• avatar
    FreedMike

    The Chevy SSR comes to mind.

  • avatar
    DenverMike

    Ace of Base BMW 3-Series. Polizei car and TJ taxi to European fleet buyers.

    • 0 avatar
      Lie2me

      I didn’t even think of BMW 3-Series, definitely overpriced for what they are

      • 0 avatar
        DenverMike

        “Overpriced” doesn’t even begin to explain. They QUIETLY spit out almost equal total pre-tax profit as total F-series production while selling ONLY a tiny fraction of those trucks.

        • 0 avatar
          Dan

          “They QUIETLY spit out almost equal total pre-tax profit as total F-series production while selling ONLY a tiny fraction of those trucks.”

          Not as tiny a fraction as you’d think. They’re angry little toys with an absurd badge premium here but in Europe they’re just another regular car and BMW sells a chitload of them. In the range of a half million per year with another 300,000 5s.

          • 0 avatar
            DenverMike

            Half million verse around 900,000 F-series? OK that’s no tiny fraction, but still F-series get all the attention for its obscene profits, but you never hear about 3-series mad profits, clearly way more per car, almost 2X.

            But as far as 3-series go, buyer perception aside, reliability aside, resale value aside, OEM insane profits aside, vinyl interior, decontented base models aside, I don’t see it, looks way overpriced to me.

    • 0 avatar
      ThomasSchiffer

      Nowhere in Europe is the BMW 3er used as a taxi; too small.

      It does make an excellent police car, though.

      • 0 avatar
        WallMeerkat

        In the UK at least I’ve seen 5 serieses used as taxis, but you’re right I can’t remember seeing the 3 as a taxi, and usually all midsize sedans end up doing taxi duty – Mondeos (Fusion), Insignias (Regal), Octavias, Passats etc.

        Even saw an Infiniti Q50 as a taxi and they’re as rare as hens teeth.

        The 3 series tended to be the fleet car handed out to photocopier salesmen, where the Sierra and Cavalier used to sit. (See also A4)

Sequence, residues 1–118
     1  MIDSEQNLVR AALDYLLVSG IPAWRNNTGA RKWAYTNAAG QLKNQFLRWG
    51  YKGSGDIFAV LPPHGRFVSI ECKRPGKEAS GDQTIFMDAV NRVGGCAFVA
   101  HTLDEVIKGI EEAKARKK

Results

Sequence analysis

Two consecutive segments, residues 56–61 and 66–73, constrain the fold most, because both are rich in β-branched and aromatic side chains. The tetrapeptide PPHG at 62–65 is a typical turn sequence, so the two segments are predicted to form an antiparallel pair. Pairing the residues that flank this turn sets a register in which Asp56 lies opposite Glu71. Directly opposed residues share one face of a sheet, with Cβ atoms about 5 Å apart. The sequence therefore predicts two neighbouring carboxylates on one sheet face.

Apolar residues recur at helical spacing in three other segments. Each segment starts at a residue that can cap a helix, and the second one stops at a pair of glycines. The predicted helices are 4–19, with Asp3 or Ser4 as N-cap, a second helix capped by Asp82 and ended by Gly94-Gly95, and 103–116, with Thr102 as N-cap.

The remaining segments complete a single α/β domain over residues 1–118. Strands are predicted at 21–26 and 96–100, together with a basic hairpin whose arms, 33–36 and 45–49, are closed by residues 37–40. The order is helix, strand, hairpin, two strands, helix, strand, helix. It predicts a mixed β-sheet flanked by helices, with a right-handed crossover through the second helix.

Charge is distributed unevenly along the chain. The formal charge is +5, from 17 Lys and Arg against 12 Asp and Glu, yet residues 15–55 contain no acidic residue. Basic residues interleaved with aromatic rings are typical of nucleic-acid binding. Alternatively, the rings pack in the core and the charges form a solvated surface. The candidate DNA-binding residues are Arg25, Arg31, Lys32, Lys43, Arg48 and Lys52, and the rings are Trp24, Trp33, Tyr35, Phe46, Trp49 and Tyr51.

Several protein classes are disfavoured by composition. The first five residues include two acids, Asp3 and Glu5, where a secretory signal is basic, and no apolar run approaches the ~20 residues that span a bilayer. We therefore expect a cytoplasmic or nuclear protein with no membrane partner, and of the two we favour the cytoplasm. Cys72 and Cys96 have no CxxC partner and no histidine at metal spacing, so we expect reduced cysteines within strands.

The UK Police tend towards the 5 series for space and performance (after the Lotus Omega they’re fond of fast cars)

  • avatar
    FreedMike

    I’d also nominate the Grand Prix GXP. A midsizer with a V-8 was a great idea. But I have no idea how GM figured it could sell a car that would go for BMW 3-series money ($40,000-$45,000 today) with an interior so bad that it’d get shamed by a Tata Nano.

    • 0 avatar

      Bonneville GXP! Even more expensive.

    • 0 avatar
      ajla

      The LS4 cars at least had faster acceleration than any 3-Series not wearing an “M” badge. They could actually run a tick in front of the Charger R/T of that time. Of course, in hindsight the transmission gets turned to dust and the cylinder deactivation consumes unacceptable amounts of oil.

      The Northstar Pontiac and Buick were slower and even more expensive. Although, hilariously, they are likely more reliable.

    • 0 avatar
      gtem

      My dad had one as a GXP rental around ’07 or ’08 ish that he let me take for a spin. Man the Series III 3800 with the supercharger is a sweet setup, and makes cool sounds. But yes the interior was the worst of GM both in materials and design.

    • 0 avatar
      cbrworm

      The GXP was interesting to drive, but that big front wheel drive (transverse) V8 car could not hook up to save its life, and it would try to rip the wheel out of your hands whenever possible. Even the SSEi was too strong in first gear for the tires. If it were RWD like the later G8 and then SS, it would probably have been more successful – or maybe not, but at least it could have driven like a true sports sedan. I believe that the GXP may have been the car that had wider front tires than in the rear?

  • avatar
    Felix Hoenikker

    Any Volvo of that era.

  • avatar
    PrincipalDan

    Plymouth Prowler was available in the 2000s and by 2000 the MSRP was $43,000 for a car with a weak sauce V6.

    • 0 avatar

      Prowler was a good candidate for my example too. But it seems more special than the Thunderbird.

      • 0 avatar
        PrincipalDan

        Not enough effort on Chrysler’s part.

        Should have at least supercharged the V6 if they couldn’t be bothered on V8. Heck even a balanced and blueprinted hand-assembled (ala AMG) 4.7 Magnum would have been an improvement.

        • 0 avatar
          gtem

          An interesting retrospective on the Prowler:

          https://www.roadandtrack.com/car-culture/car-design/a27637/the-secret-history-of-the-plymouth-prowler/

          Sounds like there was a packaging issue fitting a V8. But I agree, supercharging the V6 should have been the way forward then.

          • 0 avatar
            ToolGuy

            gtem,